This is generally accomplished by employing a NOT function (or one input NOR gate) as an inverter when desired, and following deMorgan's theorem, which asserts that inversion alters the state of the logic each time it is applied; that is, from • to + or + to • .
Starting with the AND function, for example:
Inversion flips the logic from AND (•) to OR (+):
A̅ + B̅ = X̅
Inverting the equation again yields a positive result:
which is equivalent to:
A+B = X
To put it another way, double inversion has turned an AND gate into an OR logic gate. The following figure depicts all of these stages.
The important thing to remember at this point is that inversion alters the sign of the equation as well as the input (except in a NOT gate). The following data illustrates this:
When using OR logic, equations must only employ the + sign, with inversion signals where necessary; that is, to turn a • sign to a + sign to produce the identical function, and to generate a positive output when needed.
The AND gate is used in the first example above to demonstrate how this is achieved.
In a similar fashion, NAND and NOR functionalities may be achieved.
The OR logic already includes the NAND function:
A̅ + B̅ = X
The inversion of both inputs is required when using an OR gate to produce a NAND function principle, as depicted in the following figure.
In AND logic, there is NOR function:
Since inversion on inversion returns the equation to its previous form, this formula may be reduced to:
A + B= X̅
In OR logic, the NOR function is thus implemented by an OR gate followed by a NOT gate for inversion. (See Figure below)
The goal here is to use the • (AND) symbol to denote all equations. An AND gate, of course, already performs this; A•B = X, as illustrated in the next figure below. Other logic functions that may be deduced from an AND gate are as follows:
The OR function could be achieved by inversion:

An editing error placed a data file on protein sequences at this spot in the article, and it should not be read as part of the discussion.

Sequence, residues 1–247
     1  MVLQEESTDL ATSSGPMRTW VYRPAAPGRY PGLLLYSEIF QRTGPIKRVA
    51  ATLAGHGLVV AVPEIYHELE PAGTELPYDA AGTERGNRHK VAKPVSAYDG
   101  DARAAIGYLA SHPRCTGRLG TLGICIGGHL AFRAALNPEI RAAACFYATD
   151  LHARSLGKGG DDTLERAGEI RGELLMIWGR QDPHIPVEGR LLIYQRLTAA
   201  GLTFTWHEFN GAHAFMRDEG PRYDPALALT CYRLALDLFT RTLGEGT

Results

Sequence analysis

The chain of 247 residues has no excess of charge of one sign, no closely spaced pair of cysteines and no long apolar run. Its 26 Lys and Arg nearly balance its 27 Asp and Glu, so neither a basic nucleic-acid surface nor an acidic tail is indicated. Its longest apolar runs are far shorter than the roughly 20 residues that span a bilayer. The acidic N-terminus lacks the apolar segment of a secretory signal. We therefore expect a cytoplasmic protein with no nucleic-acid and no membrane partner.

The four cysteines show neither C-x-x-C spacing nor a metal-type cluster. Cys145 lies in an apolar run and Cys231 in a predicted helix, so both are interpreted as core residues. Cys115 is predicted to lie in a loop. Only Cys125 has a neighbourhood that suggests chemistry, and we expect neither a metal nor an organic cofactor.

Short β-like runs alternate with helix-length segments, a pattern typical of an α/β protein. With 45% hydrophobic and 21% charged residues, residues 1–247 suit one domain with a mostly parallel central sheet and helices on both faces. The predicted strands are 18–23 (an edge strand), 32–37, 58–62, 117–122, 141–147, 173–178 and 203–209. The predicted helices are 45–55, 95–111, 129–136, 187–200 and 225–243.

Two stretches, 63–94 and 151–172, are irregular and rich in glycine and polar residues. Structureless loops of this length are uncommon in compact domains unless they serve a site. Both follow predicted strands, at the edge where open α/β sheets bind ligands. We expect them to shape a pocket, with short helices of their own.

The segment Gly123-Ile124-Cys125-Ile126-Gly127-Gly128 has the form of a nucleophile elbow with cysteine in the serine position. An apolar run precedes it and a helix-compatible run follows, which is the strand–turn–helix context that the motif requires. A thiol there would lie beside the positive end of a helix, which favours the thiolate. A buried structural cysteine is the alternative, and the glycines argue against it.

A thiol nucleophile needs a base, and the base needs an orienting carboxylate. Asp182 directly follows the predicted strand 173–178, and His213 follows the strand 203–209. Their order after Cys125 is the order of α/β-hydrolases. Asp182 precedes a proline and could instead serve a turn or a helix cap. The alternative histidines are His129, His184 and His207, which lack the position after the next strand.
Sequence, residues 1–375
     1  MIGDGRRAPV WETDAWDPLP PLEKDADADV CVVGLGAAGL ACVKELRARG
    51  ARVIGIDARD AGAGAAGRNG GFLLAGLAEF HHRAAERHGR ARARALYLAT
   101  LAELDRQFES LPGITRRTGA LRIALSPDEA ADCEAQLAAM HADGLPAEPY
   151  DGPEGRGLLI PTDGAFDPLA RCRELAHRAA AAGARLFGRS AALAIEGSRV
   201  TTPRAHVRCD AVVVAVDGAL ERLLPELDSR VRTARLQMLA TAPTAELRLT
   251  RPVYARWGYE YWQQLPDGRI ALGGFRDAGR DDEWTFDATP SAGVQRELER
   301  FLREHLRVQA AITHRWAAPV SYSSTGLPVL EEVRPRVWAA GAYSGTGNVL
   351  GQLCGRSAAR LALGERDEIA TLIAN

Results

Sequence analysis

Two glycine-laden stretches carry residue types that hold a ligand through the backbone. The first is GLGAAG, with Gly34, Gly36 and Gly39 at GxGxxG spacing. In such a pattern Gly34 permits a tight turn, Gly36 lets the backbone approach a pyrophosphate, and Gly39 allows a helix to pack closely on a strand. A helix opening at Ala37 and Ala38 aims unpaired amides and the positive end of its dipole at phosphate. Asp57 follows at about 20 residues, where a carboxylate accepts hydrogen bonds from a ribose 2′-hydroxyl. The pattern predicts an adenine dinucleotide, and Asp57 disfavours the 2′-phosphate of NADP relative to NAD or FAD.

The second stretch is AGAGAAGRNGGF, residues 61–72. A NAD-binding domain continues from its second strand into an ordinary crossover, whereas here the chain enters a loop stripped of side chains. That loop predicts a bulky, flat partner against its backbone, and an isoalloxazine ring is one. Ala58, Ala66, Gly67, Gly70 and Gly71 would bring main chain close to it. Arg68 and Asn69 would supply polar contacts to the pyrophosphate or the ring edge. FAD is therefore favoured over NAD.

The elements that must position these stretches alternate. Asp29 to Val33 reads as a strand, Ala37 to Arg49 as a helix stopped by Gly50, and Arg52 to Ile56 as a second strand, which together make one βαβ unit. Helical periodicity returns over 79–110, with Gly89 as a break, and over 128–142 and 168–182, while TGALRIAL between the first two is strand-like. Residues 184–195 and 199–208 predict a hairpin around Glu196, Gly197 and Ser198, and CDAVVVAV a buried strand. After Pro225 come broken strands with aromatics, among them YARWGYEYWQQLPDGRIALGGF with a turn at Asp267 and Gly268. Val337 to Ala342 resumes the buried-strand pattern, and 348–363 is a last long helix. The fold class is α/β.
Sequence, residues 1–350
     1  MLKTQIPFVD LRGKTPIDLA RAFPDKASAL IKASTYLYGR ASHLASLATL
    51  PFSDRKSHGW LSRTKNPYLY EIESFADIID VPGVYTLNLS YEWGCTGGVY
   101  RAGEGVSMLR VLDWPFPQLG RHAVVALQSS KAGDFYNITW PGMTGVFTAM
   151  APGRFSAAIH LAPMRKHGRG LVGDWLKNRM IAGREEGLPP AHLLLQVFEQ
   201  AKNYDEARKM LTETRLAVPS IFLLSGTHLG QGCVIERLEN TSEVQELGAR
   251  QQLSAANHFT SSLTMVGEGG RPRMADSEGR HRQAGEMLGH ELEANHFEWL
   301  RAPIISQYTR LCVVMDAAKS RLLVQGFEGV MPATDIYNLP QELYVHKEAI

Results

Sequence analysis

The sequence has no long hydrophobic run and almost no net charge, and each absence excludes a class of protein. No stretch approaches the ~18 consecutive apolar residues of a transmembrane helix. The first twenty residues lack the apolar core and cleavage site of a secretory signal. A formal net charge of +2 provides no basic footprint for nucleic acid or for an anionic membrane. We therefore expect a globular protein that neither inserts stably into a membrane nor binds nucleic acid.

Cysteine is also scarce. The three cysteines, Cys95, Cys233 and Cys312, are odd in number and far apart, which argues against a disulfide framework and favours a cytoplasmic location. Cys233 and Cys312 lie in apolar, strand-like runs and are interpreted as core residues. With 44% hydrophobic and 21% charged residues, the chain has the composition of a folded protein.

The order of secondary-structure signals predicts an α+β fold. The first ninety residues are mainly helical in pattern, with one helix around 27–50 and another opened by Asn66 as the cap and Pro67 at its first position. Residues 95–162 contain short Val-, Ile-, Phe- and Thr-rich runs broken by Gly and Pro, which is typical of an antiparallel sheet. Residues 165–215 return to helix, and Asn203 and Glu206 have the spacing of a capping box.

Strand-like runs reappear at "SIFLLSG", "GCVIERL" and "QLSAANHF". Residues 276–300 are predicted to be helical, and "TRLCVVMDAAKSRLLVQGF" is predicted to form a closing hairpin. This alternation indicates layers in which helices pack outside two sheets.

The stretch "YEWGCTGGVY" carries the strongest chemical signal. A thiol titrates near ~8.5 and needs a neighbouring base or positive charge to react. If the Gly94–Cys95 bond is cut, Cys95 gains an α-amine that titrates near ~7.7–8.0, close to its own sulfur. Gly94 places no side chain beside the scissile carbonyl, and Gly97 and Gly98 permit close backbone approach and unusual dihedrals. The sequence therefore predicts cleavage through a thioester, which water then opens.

A̅ + B̅ = X̅
Inverting this again gives:
Which is actually the same as the following expression:
A+ B = X
AND logic already includes the NOR function (A̅•B̅ = X). The NAND function is essentially created by inverting the output of an AND gate A•B = X̅.
The condition here is that all equations be written in the manner (inverted AND).
The figure below depicts the derivations of the OR, NOR, and AND functions.
The previously discussed, OR gate produces an output if one or more inputs have a value of 1. It may be more precisely characterized as inclusive OR.
A two-input OR gate offers a potential version in which there is an output if one and only one of the inputs has a value of 1. This is referred to as the exclusive OR (often abbreviated XOR, and often referred to as non-equivalence) as depicted in the following figure.
It has a truth table, as illustrated in the image below.
In other words, there is an output if A=1 or B=1, but not if both A=1 and B=1 occur at the same time. The related Boolean equation is as follows:
(A + B)(A̅B̅)= X
or AB̅ + A̅B = X
In this equation, observe that the period, or little point, between A and B has been removed. In reality, the point is practically seldom utilized and is believed to be present when two or more letters follow one another; meaning, when they sit next to one another.
A comparator or equality detector is one example of how an exclusive OR might be used. For example, there is an output, if there's a difference between the two input signals to the gate.
In this situation, the gate compares and identifies the difference between the two signals, in a way. The exclusive characteristic of the logic, on the other hand, indicates that there is no output if the two input signals are identical.
The lack of output implies that the inputs are equal.
Enable is an inhibit, as illustrated in the figure below, for a two-input AND gate with inhibit, which is given by a NOT applied to one input of an AND gate.
The strobe (S) or enable input is the third input, yielding in the truth table below, with Q as the output. When the strobe input is switched to high, the AND gate is set to low.
The AND gate produces a low at its output as a result of this. The AND gate's output is always low, regardless of what the other input receives.
As seen in the TABLE above, there is an output, 1, only when A = 1 and B = 1, and S = 0. The existence of an inhibit signal (S =1) maintains the output at 0 regardless of any potential combination of A and B, even if A =1, B = 1.
The corresponding Boolean equation is as follows: